In an open meeting last week, the CFTC finalized a rule creating general compliance provisions and core principles for Derivatives Clearing Organizations (“DCOs”). The rule combines five previous proposals into a single rule-making, which focuses on open access measures and risk-management strategies. Said CFTC Chairman Gary Gensler, “the financial resources and risk management requirements will strengthen financial integrity and enhance legal certainty for clearinghouses.”
The final rule covers requirements for finances, reporting, product eligibility, risk management, settlement, treatment of customer funds, default procedures, system safeguards, and legal risks. It also includes the qualification requirements for the DCO’s chief compliance officer, and the new DCO application.
Once the rule goes into effect, many clearinghouses will have to overhaul their risk-management strategies. The new requirements dictate that DCOs must be so well capitalized that they can weather the collapse of their most-exposed clearing member or other “extreme but plausible” market scenarios. They are also tasked with writing clearing-member default procedures. The Commission may create another rule to govern DCO’s deemed “systemically important.” Clearinghouses this large and interconnected would have to be able to handle the default of two larger members. The rule also champions open access to clearinghouses. DCOs will now be required to open access to companies with $50 million in capital. However, they will still be able to scale companies’ participant levels based on their capitalization.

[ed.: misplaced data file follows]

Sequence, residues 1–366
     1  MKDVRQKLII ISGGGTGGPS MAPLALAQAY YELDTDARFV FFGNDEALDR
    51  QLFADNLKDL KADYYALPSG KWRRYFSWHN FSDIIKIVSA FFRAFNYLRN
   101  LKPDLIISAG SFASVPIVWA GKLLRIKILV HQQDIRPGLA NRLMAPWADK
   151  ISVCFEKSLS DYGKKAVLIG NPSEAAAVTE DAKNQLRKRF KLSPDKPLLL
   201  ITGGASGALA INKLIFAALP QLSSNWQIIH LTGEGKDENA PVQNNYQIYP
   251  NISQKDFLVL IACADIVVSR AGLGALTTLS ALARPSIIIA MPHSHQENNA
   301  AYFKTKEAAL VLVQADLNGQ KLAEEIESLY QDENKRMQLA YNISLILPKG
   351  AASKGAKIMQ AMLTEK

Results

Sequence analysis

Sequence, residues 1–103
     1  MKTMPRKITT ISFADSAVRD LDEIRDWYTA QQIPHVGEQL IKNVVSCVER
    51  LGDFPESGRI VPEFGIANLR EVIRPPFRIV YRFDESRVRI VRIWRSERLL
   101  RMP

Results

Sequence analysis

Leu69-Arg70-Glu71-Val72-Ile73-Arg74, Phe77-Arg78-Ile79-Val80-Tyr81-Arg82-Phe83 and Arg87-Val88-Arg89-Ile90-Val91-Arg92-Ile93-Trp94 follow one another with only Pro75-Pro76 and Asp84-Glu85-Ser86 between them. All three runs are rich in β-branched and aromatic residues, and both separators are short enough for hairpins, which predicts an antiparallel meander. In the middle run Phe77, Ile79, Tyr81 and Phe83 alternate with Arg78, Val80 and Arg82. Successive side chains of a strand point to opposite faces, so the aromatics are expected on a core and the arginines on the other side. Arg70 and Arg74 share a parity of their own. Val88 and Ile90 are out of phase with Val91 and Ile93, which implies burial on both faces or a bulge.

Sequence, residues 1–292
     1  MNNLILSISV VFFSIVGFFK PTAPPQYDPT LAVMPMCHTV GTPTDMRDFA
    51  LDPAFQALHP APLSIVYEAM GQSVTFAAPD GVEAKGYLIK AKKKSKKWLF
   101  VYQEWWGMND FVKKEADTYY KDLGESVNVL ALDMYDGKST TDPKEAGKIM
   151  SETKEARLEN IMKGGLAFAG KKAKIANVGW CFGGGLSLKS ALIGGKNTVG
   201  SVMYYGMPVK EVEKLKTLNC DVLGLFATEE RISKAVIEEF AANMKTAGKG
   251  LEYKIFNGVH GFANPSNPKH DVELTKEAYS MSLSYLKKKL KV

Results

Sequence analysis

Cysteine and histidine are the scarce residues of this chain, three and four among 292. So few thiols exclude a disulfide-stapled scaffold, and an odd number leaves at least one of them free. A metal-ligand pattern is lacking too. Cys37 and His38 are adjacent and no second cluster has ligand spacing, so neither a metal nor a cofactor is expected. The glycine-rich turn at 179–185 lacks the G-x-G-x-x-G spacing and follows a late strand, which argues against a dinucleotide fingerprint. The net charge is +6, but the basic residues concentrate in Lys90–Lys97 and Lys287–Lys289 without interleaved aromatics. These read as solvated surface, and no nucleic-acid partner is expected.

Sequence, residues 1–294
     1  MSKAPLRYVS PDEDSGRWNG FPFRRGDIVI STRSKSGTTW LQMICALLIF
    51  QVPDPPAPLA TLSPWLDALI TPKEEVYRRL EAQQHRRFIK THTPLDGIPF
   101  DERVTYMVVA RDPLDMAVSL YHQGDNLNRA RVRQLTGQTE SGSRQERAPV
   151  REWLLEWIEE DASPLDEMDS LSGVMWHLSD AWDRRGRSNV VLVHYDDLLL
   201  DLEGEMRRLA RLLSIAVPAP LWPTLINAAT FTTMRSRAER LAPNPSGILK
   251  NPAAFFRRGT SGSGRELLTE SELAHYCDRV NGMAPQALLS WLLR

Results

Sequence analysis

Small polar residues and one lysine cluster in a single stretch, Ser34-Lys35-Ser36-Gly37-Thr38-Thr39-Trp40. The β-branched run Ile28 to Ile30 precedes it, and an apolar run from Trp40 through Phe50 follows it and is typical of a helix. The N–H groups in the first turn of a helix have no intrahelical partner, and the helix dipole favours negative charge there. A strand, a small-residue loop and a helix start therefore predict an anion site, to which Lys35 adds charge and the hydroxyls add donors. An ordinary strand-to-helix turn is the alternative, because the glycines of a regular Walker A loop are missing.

The rule met resistance from the Republican-leaning members of the CFTC. It passed by a tight 3-2 margin, with Commissioners Scott O’Malia and Jill Sommers in opposition. In his dissenting remarks, O’Malia explained his position: “In an attempt to achieve [the integrity of clearinghouses], this rulemaking abandons the principles-based regulatory regime which permitted DCOs to perform so admirably in the 2008 financial crisis. Instead, the final rulemaking sets forth a series of prescriptive requirements. I disagree with this approach. DCO risk management poses complex and multidimensional challenges. One DCO may have a significantly different risk profile than another. Consequently, each DCO must have sufficient discretion to match requirements to risks. The role of the Commission is to oversee the exercise of such discretion, not to prevent such exercise.“